B: I love that I can listen to certain songs and it will spark memories of a time in my life or a place or of a person I really care for. To be able to pinpoint parts of your life with music is really magical.
SS: For sure. When I was going through my breakup with my wife the Adolescents were in Europe, there’s this record ‘Too Far To Care’ by a band called The Old 97s and I just listened to that over and over and over and over and over and over [laughs]. There was a song on it called ‘The House That Used To Be’ and there’s this line in it where he says that: this ain’t a home anymore / it’s just four walls and a floor. At the time that was really sinking in. When I got home, I’ve never met this band but I love their records, they happened to be playing that record on a tour for the 20th anniversary of it. I went to the show and it turned out that there tour manager knew a friend of mine and he was an old punk rock fan. Those guys, even though they’re an alt-country band, the bass player is a big punk rock guy and I got to meet them. The drummer shows me his iPod, he’s like, “Look, look!” and he had Adolescents stuff on it. It was so amazing. I told them how their record carried me through the summer. Music is awesome! Just to have moments like that is crazy.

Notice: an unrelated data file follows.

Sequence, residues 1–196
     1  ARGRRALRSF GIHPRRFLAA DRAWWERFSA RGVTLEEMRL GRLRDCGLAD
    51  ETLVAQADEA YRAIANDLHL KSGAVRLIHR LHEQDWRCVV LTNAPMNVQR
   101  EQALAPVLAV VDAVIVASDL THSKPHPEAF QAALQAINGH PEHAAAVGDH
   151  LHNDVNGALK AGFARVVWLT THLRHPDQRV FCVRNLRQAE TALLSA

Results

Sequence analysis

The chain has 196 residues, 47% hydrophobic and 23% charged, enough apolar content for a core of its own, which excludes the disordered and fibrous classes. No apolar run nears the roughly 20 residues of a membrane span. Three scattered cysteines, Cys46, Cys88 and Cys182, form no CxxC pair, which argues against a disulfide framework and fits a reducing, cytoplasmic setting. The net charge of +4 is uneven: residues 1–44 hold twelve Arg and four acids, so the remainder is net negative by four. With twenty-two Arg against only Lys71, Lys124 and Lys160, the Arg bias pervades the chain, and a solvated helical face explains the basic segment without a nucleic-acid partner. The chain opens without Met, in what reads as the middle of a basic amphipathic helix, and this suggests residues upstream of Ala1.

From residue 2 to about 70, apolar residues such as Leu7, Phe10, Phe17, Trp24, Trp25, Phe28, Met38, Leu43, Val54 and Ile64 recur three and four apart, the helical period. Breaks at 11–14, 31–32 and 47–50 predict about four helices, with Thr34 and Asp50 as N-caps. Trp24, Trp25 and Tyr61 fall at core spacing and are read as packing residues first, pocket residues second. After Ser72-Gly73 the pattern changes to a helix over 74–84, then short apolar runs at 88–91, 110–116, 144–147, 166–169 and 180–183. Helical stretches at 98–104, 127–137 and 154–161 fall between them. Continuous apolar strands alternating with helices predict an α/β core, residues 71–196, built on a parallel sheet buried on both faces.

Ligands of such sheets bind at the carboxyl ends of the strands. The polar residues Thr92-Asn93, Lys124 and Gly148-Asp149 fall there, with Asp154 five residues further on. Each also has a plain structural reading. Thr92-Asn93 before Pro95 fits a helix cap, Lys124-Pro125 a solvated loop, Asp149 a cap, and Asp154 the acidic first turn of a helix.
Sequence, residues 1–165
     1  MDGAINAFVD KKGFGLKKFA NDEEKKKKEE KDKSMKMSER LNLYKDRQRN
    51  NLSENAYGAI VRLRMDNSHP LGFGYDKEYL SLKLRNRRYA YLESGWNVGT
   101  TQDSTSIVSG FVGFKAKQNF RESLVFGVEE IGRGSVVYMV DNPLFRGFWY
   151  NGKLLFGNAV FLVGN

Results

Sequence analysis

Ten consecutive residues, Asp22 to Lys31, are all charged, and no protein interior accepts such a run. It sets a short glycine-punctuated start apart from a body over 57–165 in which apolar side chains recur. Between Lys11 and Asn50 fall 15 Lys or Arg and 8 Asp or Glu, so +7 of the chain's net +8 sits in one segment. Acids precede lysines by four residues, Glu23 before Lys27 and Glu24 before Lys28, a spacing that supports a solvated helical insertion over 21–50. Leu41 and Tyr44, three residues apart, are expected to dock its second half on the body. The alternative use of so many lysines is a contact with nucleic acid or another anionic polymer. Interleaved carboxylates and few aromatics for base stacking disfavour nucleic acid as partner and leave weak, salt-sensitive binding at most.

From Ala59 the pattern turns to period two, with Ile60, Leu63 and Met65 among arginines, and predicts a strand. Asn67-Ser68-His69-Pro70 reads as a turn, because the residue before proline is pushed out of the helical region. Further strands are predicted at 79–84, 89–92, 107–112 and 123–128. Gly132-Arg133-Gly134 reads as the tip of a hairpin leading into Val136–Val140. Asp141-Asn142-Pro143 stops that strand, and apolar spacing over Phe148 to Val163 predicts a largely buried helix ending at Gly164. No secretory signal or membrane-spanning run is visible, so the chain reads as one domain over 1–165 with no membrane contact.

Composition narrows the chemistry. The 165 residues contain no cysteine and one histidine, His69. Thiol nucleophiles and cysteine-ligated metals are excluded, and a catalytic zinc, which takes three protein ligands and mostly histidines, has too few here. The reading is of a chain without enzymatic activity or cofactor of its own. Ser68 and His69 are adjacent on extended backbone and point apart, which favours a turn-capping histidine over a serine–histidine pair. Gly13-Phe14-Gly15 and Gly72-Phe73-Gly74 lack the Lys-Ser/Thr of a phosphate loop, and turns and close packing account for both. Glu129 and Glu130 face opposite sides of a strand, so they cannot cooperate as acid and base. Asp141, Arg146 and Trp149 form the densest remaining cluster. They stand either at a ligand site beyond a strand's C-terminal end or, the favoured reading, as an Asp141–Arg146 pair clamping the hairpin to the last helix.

B: Totally! I’ve had some of the most beautiful moments in my life thanks to music. I’ve made some really deep connections with people I’ve met thanks to music. I had a conversation with Efrem (from Death By Stereo) about this when I first met him like eight years ago. We were both trading stories about all this awesomeness in our lives thanks to music. It always makes me laugh when I hear people complaining about there being no good music out there, it’s like you can’t be looking very hard. I find new music every single day…
SS: Yeah and it doesn’t even have to be new music but it can be something that’s old that you’ve just discovered or something you haven’t heard in a long time that it feels new to you again. When I started doing this Black Diamond Riders stuff, I’ve always loved soul music and Motown, but we started to dig deeper into tracks, older stuff. I came across these records that I’d never heard before and they just blew my mind.
I saw The Damned on Saturday. I’ve seen them like 50 times; I’ve probably played with them 30 times. The other night they played one of those sets that was just from top to bottom one of those amazing sets. I’m friends with the drummer Pinch. Me and him have done projects together over the years. When they came off stage he was just beaming. I was like, you do realise that you’ve just totally killed it? And he was like, “yeah”. It’s awesome when that happens! We have those nights too with the Adolescents when we’re playing. Everything just comes together and you’re looking around at each other and you’re like, there is no place I’d rather be than on this stage with these four guys making this noise.
B: I hope I get to see it all come together like that when you’re here in Australia.
SS: [Laughs] Me too! I am so excited to be coming down there. I’ve been there before with 22 Jacks years ago.
B: I know, I saw you guys play.
SS: The Warped tour or the Reel Big Fish stuff?